Role of incidental and/or cured intestinal parasitic infections on profile of CD4+ and CD8+ T cell subsets and activation status in HIV-1 infected and uninfected adult Ethiopians.
Kassu A., Tsegaye A., Wolday D., Petros B., Aklilu M., Sanders EJ., Fontanet AL., Van Baarle D., Hamann D., De Wit TFR.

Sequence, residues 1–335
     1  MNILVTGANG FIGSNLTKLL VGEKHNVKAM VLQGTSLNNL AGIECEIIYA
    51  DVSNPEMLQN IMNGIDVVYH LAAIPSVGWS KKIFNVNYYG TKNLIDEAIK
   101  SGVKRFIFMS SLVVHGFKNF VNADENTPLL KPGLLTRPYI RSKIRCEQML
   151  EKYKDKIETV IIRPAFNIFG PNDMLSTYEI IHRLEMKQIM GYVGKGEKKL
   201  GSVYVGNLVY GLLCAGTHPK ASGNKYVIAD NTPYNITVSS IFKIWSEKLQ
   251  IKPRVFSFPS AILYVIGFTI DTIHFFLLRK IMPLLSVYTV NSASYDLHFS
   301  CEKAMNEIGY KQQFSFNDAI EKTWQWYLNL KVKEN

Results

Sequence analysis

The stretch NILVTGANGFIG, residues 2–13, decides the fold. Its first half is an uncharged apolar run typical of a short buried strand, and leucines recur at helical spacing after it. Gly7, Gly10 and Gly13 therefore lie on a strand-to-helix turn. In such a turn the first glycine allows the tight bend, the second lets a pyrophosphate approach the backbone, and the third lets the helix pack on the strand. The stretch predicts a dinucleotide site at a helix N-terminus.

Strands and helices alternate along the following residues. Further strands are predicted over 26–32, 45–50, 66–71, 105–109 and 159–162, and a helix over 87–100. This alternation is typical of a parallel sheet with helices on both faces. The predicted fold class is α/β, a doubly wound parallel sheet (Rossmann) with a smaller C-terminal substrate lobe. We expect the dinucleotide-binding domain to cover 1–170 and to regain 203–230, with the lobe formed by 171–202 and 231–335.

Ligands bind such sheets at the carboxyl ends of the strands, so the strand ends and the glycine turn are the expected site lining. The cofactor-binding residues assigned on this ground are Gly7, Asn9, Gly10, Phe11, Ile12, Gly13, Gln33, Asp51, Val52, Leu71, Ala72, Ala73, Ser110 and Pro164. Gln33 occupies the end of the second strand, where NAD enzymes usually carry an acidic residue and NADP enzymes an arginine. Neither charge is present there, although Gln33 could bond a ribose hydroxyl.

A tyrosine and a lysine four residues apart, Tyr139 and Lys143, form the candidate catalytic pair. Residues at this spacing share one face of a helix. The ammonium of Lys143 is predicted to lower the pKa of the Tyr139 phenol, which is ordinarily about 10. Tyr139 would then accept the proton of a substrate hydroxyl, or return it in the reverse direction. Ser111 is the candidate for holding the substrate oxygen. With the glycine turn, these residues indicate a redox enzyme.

Intestinal parasitic infections have been suggested to cause persistent immune activation leading to an unbalanced immune state. Such a state has been proposed to be a major factor in the pathogenesis of AIDS in an African context. The present study investigated the effect of incidental parasitic infection and treatment on the profile of T cell differentiation and activation markers on CD4+ and CD8+ T cells from HIV-1 infected and uninfected adult Ethiopians. Cryopreserved PBMCs from 64 subjects (41 HIV-negative and 23 HIV-positive) with follow-up visits at 6-monthly intervals were used to compare the effect of incidental intestinal parasites and their treatment upon T cell subset profiles and activation status. The samples were stained with antibodies to various T cell differentiation and activation markers allowing naive, memory, effector, memory/effector, activated and resting CD4+ and CD8+ T cell subsets to be quantified by triple-colour FACScan. Incidental intestinal parasitic infections resulted in a significant increase in memory CD4+ T cell numbers both in HIV-negative and HIV-positive subjects (P < 0.05). There was also a significant increase in the percentage of CD8+ HLA-DR+ T cells (P < 0.05) in HIV-positive subjects co-infected with parasites. In HIV-negative subjects, a significant decline in activated cells and a significant increase in resting CD8+ T cells (P < 0.05) was observed after treatment for parasites. These data suggest that intestinal parasitic infections could result in the alteration of T cell subset counts and also in the up-regulation of T cell activation markers in peripheral blood. Treatment of parasitic infections showed a tendency to reduce the activation suggesting that, together with other community based intervention strategies, such treatment could be used to down-regulate immune activation and hence protect the host from being easily attacked by HIV.